Secondary sources are sources that comment upon, analyze, or compile primary sources. If you aren't sure if what you've found is a primary or secondary sources, think about the author and the purpose of the source. If the author is commenting upon another work or set of works, than it can be used as a secondary source! You will want to focus on academic secondary sources that provide scholarly analysis of primary sources from a given country.
Academic books are most often written by scholars, and provide a broad scholarly analysis of a topic, time, place, phenomenon, or theory. Academic books usually are written for other researchers, students, or scholars. These books are usually in academic libraries and not easy to find at regular bookstores.
Peer-reviewed articles are also written by scholars or experts in a field, but their audience is often more limited. They are written in language that is usually discipline-specific - to sociology, history, or other fields. These peer-reviewed articles are published by professional or scholarly associations and are almost always only accessible via academic libraries!
Use NUSearch to find academic secondary sources that focus on primary sources.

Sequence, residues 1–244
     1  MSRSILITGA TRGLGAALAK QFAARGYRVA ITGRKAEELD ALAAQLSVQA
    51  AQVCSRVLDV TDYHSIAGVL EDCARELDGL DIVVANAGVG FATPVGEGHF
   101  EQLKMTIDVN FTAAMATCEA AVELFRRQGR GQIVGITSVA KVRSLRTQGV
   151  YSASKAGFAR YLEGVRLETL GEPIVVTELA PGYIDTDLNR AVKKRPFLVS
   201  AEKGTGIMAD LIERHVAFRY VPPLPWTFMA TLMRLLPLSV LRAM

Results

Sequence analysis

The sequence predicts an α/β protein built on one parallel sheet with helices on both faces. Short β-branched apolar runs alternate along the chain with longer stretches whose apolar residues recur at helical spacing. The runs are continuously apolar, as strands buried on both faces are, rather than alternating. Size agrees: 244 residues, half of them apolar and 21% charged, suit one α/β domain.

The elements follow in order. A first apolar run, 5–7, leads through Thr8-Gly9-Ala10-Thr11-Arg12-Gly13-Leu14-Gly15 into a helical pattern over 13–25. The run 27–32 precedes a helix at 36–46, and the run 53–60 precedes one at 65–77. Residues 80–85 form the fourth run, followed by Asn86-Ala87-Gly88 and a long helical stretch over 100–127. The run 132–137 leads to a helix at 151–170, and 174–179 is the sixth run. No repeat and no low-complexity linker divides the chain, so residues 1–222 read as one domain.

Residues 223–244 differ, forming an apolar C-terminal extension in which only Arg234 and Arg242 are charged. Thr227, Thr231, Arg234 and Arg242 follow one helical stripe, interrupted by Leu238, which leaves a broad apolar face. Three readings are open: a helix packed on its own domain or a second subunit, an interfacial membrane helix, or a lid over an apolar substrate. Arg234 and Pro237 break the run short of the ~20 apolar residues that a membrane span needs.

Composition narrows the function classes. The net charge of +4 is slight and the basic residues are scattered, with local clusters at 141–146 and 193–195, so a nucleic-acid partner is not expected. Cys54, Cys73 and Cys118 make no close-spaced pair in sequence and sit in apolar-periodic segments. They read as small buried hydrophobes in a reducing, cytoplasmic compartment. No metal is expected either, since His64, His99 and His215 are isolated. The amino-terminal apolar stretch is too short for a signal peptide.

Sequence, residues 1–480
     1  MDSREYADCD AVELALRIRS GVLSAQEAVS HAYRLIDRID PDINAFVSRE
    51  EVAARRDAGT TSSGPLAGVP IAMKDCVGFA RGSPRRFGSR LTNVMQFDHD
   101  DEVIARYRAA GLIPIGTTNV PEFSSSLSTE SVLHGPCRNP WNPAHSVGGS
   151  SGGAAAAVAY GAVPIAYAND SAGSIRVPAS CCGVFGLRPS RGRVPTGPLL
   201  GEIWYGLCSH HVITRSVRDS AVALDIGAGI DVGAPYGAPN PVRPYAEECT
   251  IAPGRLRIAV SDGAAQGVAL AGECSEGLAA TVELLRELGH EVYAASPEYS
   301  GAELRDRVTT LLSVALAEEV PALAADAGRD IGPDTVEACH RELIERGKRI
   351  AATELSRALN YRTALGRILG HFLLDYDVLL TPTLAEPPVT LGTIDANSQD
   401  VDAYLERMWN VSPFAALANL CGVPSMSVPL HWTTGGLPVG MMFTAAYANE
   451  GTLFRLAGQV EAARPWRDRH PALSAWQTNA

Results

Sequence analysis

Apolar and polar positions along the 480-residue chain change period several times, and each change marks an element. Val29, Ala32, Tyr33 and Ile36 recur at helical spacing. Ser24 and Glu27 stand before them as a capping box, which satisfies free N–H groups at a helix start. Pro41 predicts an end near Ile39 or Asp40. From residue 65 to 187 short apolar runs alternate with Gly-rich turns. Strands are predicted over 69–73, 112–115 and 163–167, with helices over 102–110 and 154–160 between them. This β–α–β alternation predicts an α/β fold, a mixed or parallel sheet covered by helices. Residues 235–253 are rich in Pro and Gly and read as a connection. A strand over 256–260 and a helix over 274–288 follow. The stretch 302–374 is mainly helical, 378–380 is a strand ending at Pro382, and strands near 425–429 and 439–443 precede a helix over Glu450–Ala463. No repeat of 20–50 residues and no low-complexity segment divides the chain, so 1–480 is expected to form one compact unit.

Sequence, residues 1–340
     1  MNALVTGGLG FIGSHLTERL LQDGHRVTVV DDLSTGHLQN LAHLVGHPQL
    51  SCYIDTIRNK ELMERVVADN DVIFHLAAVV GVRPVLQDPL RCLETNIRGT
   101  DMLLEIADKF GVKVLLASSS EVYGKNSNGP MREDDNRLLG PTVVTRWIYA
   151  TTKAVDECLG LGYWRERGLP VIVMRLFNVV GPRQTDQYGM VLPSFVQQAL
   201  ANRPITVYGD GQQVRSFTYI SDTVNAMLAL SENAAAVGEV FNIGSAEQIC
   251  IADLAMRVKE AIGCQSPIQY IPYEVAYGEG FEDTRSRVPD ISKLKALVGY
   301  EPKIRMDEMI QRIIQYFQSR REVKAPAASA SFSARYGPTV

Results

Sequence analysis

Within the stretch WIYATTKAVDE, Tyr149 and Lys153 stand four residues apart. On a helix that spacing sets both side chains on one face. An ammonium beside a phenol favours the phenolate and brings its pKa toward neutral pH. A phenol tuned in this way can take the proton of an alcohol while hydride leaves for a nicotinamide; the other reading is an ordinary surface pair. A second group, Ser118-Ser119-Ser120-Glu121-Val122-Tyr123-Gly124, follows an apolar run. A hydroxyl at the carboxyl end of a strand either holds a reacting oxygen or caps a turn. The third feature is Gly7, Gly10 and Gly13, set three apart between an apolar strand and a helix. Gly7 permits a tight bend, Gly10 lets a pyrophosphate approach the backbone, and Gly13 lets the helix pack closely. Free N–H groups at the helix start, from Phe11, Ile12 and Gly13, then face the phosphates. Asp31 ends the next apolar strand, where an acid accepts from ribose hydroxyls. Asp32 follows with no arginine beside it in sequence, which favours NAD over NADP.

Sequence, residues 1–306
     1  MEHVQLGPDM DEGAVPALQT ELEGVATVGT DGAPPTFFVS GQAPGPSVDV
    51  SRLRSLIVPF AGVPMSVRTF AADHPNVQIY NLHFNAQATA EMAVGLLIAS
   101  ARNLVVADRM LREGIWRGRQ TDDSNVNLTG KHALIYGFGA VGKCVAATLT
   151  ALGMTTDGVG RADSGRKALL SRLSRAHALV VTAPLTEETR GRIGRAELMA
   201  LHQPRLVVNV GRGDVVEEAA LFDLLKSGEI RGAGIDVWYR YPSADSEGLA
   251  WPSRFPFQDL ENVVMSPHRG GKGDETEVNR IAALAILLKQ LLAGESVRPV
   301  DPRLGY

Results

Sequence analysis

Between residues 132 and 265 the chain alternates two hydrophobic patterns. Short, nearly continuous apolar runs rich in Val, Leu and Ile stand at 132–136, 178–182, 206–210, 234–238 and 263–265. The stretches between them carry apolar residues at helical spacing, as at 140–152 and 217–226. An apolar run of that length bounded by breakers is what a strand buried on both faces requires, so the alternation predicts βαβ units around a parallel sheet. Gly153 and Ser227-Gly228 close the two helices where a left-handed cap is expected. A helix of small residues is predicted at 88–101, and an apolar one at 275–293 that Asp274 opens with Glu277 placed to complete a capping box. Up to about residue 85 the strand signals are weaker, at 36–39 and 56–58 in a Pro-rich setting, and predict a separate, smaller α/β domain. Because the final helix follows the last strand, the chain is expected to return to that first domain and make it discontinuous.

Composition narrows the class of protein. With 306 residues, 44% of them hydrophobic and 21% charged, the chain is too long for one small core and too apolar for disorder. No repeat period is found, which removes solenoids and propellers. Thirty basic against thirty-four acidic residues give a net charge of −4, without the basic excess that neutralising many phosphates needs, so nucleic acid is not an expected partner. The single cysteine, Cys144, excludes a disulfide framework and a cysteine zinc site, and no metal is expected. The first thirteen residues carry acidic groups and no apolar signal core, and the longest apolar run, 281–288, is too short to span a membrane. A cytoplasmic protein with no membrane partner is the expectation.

You can use the same techniques we used to find reference entries, including combining keywords and using "OR" and "AND" to combine words together, to find secondary academic sources. I'm going to give you an example to work with.
|Any Field||Contains words||decoloni* OR coloni*|
|AND||Any Field||Contains words||mexico|
|AND||Any Field||Contains words||religion|
So here, we're doing a more specific set of search keywords to get a more focused group of results. I picked a topic within a country to make the search results more specific to what I'm interested in investigating!
On the left-navigation side, you can limit the results by language, to specify books (many are currently available online), or peer-reviewed journal articles (vast majority available online).